Construction-Related Firms Report Mixed Bag of Revenue Results

by George Waldon  on Monday, May. 21, 2012 12:00 am  

Bill Hannah, CEO of Nabholz Construction Corp. of Conway, right, talks to an employee at a job site. (Photo by Mike Pirnique)

Last year produced a mixed bag of results for construction-related firms on the list of the state's largest private companies.

(Click here for a list of construction and real estate companies on the list of the state's largest private companies.)

Revenue was up 25 percent to $544 million at Nabholz Construction Corp. of Conway, and 12.5 percent to $450 million at VCC of Little Rock.

While the two general contracting firms experienced gains, revenue declined 14 percent to $335.5 million at The Lindsey Co. of Fayetteville and 10.5 percent to $230.3 million at Lexicon Inc. of Little Rock

Bill Hannah, CEO of Nabholz, said work in the manufacturing and industrial sectors was gaining traction while the retail sector remained slow at best.

"The best markets that we're in are health care and education, K-12 and higher ed," he said. "They're holding their own and not going backwards."

Tom Schueck, chairman and CEO of Lexicon Inc., said his steel fabrication, engineering and construction company was encountering more opportunity these days.

"We've seen an increase," Schueck said. "We've seen a lot more private work, heavy industrial work. The petrochemical and power industries have picked up significantly during the past year."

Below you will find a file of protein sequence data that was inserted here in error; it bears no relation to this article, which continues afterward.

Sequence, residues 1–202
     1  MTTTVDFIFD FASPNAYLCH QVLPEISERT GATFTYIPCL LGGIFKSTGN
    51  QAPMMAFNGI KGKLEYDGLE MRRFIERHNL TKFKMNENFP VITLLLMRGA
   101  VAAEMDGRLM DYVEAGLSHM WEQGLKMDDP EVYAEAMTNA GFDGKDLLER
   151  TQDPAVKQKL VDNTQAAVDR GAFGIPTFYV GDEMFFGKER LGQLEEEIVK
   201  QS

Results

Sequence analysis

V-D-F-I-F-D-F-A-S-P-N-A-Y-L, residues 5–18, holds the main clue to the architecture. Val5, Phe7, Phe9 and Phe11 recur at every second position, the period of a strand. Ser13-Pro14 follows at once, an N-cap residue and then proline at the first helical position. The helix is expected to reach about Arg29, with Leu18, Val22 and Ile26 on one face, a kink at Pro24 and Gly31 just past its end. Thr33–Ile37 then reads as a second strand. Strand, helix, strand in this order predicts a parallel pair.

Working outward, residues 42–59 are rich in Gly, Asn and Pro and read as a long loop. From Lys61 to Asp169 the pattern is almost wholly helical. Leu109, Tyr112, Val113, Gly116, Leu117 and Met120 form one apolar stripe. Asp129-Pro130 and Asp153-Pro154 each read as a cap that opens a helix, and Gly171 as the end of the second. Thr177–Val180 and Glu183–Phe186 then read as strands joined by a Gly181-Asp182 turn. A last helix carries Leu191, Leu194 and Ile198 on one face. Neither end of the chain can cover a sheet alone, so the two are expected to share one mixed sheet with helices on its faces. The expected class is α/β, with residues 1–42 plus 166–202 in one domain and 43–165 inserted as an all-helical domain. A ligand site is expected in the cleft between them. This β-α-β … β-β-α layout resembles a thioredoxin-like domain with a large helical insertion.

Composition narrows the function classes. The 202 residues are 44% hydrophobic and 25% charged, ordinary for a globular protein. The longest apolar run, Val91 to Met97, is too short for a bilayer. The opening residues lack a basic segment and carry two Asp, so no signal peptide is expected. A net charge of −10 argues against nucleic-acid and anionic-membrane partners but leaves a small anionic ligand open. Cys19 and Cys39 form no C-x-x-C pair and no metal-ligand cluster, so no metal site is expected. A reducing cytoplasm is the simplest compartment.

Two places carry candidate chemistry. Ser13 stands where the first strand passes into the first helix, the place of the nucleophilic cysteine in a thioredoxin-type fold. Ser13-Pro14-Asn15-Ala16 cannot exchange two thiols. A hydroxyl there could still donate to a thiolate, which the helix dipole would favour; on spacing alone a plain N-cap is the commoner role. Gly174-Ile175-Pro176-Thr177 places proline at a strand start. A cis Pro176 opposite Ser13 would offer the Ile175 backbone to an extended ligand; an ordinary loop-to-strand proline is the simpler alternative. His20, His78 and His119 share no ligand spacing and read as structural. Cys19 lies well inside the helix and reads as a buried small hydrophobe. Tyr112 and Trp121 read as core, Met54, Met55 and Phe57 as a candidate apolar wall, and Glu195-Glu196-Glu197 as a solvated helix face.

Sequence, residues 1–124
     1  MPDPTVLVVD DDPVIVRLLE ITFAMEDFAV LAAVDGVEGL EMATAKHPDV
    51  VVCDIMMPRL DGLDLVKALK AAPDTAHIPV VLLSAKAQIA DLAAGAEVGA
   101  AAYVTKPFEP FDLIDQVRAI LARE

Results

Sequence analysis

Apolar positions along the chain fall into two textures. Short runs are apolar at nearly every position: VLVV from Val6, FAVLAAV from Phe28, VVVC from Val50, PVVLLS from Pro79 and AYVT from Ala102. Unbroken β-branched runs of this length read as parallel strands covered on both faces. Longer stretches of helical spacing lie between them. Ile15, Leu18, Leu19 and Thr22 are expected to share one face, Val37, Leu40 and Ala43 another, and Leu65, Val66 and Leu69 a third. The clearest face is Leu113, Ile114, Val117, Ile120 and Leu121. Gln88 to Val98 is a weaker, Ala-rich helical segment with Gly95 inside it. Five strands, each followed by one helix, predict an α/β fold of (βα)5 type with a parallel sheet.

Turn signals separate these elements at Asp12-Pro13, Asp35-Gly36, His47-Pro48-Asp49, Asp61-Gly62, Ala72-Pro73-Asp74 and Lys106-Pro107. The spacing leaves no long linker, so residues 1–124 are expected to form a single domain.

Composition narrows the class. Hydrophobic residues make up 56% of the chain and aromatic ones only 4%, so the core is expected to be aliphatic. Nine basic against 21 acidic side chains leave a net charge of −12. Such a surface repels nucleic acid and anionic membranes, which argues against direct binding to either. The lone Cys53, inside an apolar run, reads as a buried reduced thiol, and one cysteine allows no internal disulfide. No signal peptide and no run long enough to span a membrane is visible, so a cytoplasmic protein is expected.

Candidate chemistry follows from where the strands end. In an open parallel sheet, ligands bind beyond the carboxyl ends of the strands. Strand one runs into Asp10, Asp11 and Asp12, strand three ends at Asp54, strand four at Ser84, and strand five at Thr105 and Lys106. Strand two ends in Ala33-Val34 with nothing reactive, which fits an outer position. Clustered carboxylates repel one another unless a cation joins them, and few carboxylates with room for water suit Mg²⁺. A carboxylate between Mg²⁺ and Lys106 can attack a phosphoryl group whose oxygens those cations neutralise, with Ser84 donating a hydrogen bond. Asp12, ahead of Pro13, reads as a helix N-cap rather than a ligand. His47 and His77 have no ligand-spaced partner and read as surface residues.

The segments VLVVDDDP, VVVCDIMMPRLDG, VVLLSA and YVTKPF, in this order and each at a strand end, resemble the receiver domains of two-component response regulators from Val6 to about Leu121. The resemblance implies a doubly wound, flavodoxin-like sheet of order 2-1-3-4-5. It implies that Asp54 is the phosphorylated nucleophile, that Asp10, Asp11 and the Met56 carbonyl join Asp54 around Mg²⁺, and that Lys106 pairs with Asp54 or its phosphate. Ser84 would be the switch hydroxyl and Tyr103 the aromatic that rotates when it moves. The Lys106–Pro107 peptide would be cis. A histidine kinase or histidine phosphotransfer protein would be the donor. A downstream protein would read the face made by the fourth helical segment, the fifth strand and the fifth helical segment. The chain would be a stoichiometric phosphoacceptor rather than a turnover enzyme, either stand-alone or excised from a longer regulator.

The number of  international concerns generating work around the nation is growing, and Lexicon is vying to get its share of business.

"It looks like the wave of the future is foreign corporations," Schueck said. "We've bid on pieces of several billion-dollar projects for the Chinese. I believe the Chinese are coming in here big-time."

Sales of construction equipment were up 18.6 percent to $219 million at J.A. Riggs Tractor Co. of Little Rock.

"A lot of our business is driven by the gas industry," said John Riggs, company president. "We are a player in every segment of that industry, and there was a lot of drilling last year.  But things have slowed down this year, and our business will be down because of it."

Meanwhile, business was down 15.7 percent to $151.7 million at Little Rock's Baldwin & Shell Construction Co., which works exclusively in Arkansas.

"It's going to be a down year for us in 2012 unless something happens quickly," said Bob Shell, CEO of Baldwin & Shell.

"Central Arkansas is still pretty slow. There doesn't seem to be a whole lot of activity. Northwest is fairly busy, and up in Jonesboro, it's picking up. But the private sector is still slow."

 

 

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